Walter Tharp, president and founder of Cane Land Distilling Company. (Photo courtesy of Cane Land Distributing Company)

Tradition Revived With Whiskey Shipment By Barge

For the first time in what is most likely a very long time, thousands of gallons of barreled whiskey is heading down the Mississippi River to New Orleans. Approximately 150 barrels of Tennessee whiskey were loaded onto a covered hopper barge at the Owensboro (Ky.) Riverport on January 27.

Bill Wright, president and CEO of Owensboro Riverport Authority, said the barrels were loaded into a barge using its new LHM 280 mobile harbor crane. “The loading process was fairly straightforward, which was similar to how other cargo is loaded,” said Wright. “The whiskey was delivered as four barrels per pallet, so we placed four pallets on our 35-ton crane. Once in the barge, we used a standard fork truck to remove and place the barrels into the barge.”

Wright said this was the first time the riverport has loaded whiskey or any other spirit onto a barge.

Jonny Ver Planck, head distiller at Cane Land Distilling Company, Baton Rouge, La., said the company chose Owensboro Riverport to ship its whiskey since the barrels were being stored nearby at O.Z. Tyler Distillery. Proximity to the stored barrels wasn’t the only reason Owensboro Riverport was chosen, though.

Sign up for Waterway Journal's weekly newsletter.Our weekly newsletter delivers the latest inland marine news straight to your inbox including breaking news, our exclusive columns and much more.

“Whiskey was shipped down the river on barges for years long ago,” said Ver Planck. “It seems to be a forgotten tradition.”

Whiskey barrels are loaded into a hopper barge for trip to New Orleans. (Photo courtesy of Cane Land Distributing Company)
Whiskey barrels are loaded into a hopper barge for trip to New Orleans. (Photo courtesy of Cane Land Distributing Company)

Ver Planck said the distillery could have opted to put the barrels on a truck and receive them in nine hours; however, the nearly two-week barge journey will tell a better story for those who sample their whiskey.

“We want to revive and relive an old tradition,” said Ver Planck. “We would like to try to ship more whiskey down the river in a year or so. Also, our distillery minimizes its use of toxic chemicals as much as possible. Barges are a greener way of shipping product, and we are really embracing the river.”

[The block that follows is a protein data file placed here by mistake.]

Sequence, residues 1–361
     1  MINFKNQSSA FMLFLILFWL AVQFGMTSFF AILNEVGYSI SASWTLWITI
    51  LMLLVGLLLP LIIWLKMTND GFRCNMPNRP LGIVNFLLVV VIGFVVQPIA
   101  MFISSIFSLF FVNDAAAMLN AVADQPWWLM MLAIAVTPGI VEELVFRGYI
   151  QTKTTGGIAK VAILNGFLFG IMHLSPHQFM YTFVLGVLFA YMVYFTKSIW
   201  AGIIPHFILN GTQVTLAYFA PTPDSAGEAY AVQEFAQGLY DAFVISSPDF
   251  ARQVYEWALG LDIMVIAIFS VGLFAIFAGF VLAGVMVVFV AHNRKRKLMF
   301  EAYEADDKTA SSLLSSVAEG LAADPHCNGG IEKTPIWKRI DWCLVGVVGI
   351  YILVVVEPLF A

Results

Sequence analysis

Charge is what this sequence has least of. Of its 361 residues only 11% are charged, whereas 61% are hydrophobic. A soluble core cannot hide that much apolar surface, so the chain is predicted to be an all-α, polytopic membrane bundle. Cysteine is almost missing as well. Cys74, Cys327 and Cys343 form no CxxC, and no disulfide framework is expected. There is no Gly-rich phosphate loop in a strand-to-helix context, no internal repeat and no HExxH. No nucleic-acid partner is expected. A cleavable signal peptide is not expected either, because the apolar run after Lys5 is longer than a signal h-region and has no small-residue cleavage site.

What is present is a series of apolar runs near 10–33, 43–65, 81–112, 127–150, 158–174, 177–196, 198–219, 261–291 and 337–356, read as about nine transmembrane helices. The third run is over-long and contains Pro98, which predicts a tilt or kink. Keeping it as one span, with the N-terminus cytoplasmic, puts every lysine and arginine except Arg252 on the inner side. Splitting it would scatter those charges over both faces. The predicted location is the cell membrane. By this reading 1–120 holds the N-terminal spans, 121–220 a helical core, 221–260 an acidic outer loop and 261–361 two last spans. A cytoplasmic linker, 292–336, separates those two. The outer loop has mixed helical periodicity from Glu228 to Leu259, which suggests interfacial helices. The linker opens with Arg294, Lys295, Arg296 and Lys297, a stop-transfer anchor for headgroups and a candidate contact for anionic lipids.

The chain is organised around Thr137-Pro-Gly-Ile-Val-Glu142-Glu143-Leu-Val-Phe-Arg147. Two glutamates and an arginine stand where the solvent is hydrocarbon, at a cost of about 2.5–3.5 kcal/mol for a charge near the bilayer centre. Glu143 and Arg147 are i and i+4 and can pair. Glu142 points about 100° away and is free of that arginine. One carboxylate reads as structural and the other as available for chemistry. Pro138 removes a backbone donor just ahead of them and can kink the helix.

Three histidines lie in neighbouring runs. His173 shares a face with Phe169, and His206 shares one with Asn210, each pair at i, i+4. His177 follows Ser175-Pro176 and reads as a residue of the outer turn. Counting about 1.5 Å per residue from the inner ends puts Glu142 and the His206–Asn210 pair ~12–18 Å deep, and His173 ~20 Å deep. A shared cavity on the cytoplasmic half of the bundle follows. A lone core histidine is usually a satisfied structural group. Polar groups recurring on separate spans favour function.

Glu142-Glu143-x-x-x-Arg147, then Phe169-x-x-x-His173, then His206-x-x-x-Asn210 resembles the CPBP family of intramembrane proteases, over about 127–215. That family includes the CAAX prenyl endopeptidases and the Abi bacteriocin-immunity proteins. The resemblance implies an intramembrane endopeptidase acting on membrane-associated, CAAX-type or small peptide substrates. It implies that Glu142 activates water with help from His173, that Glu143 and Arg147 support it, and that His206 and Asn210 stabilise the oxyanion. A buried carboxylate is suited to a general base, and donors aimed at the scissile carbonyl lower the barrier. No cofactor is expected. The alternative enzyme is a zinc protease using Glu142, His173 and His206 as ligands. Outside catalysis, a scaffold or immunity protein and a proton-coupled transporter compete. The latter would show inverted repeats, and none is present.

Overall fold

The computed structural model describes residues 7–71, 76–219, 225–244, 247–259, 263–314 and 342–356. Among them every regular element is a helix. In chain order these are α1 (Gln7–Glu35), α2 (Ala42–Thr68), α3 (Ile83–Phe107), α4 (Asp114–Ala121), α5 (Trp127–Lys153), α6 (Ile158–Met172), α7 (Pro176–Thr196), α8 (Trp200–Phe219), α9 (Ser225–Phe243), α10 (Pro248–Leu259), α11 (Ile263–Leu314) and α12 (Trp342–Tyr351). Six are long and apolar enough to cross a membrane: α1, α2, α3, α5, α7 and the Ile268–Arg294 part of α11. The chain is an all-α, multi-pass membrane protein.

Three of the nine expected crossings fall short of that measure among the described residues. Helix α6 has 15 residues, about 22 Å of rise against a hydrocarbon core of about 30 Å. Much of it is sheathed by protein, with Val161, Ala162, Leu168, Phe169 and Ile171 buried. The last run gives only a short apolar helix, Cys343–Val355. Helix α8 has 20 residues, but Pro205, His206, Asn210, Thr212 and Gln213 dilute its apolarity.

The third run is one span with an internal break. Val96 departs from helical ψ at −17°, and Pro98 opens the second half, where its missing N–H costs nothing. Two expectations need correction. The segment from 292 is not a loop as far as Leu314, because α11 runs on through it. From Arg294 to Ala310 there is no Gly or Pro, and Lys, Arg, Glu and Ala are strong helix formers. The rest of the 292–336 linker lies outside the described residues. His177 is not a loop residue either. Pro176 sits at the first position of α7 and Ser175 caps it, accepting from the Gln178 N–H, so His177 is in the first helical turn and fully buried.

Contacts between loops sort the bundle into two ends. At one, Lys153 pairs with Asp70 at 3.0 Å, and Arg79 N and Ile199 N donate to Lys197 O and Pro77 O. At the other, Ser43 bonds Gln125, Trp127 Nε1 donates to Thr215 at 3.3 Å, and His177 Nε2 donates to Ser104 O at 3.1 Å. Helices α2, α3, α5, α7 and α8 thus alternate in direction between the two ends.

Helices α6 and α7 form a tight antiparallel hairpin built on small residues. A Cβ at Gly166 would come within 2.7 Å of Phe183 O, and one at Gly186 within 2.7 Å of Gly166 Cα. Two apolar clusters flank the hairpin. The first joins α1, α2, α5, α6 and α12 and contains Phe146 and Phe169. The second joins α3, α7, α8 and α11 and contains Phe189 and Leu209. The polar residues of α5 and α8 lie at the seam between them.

Cane Land Distilling Company is located approximately one block away from the levee in downtown Baton Rouge. Ver Planck said the barrels are being shipped to New Orleans instead of Baton Rouge out of tradition, as well. “New Orleans was, and still is, a shipping hub,” said Ver Planck. “Whiskey would be sent down the Mississippi River on barge and offloaded in New Orleans. Once our barrels reach New Orleans, I’ll be there to oversee the offloading process and we will truck the barrels to our distillery in Baton Rouge.”

To emphasize its dedication in keeping with customary whiskey shipping methods, Ver Planck said Cane Land has incorporated the river into its whiskey logo. The logo will read: “OMFW,” which stands for Original Mississippi Floated Whiskey. “We want people to know what we’re doing and how we’re doing it,” he said. “We’re embracing technology, while bringing back tradition.”

As of late last week, the ARTCO barge carrying the barrels was in a fleet near Cairo, Ill., awaiting assignment to a southbound Lower Mississippi tow.

Once the 5-year-old whiskey arrives to Cane Land, it will be finished in the distillery’s 100-year-old French cognac vats and blended before being bottled and sold. The distillery traditionally manufactures rum, which uses sugar from its own sugar plantation.

Loading whiskey barrels into a barge isn’t the only new thing going on at Owensboro Riverport. Wright said the port continues to develop its property to support future industries in the long term. “In doing this, we will be opening our new inbound and outbound scale house in April,” he said. “This property development has been a priority of ours for a number of years. We want to streamline our truck traffic in and out of the port and improve continuous turn efficiencies for our end users.”